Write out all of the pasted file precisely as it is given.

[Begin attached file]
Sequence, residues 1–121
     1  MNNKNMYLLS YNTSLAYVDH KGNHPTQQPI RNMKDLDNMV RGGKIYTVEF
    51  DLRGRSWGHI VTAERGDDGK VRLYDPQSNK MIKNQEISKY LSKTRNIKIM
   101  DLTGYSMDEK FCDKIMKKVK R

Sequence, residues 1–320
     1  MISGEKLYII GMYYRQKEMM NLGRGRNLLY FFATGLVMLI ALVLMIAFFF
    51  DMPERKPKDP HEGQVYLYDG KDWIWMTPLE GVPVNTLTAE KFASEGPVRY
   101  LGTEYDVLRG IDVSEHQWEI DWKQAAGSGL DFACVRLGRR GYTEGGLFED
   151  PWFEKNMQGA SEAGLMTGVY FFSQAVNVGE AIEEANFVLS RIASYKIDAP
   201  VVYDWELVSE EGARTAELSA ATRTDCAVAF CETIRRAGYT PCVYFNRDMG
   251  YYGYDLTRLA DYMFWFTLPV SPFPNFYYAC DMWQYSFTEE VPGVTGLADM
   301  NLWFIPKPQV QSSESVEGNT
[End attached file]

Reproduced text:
Sequence, residues 1–121
     1  MNNKNMYLLS YNTSLAYVDH KGNHPTQQPI RNMKDLDNMV RGGKIYTVEF
    51  DLRGRSWGHI VTAERGDDGK VRLYDPQSNK MIKNQEISKY LSKTRNIKIM
   101  DLTGYSMDEK FCDKIMKKVK R

Sequence, residues 1–320
     1  MISGEKLYII GMYYRQKEMM NLGRGRNLLY FFATGLVMLI ALVLMIAFFF
    51  DMPERKPKDP HEGQVYLYDG KDWIWMTPLE GVPVNTLTAE KFASEGPVRY
   101  LGTEYDVLRG IDVSEHQWEI DWKQAAGSGL DFACVRLGRR GYTEGGLFED
   151  PWFEKNMQGA SEAGLMTGVY FFSQAVNVGE AIEEANFVLS RIASYKIDAP
   201  VVYDWELVSE EGARTAELSA ATRTDCAVAF CETIRRAGYT PCVYFNRDMG
   251  YYGYDLTRLA DYMFWFTLPV SPFPNFYYAC DMWQYSFTEE VPGVTGLADM
   301  NLWFIPKPQV QSSESVEGNT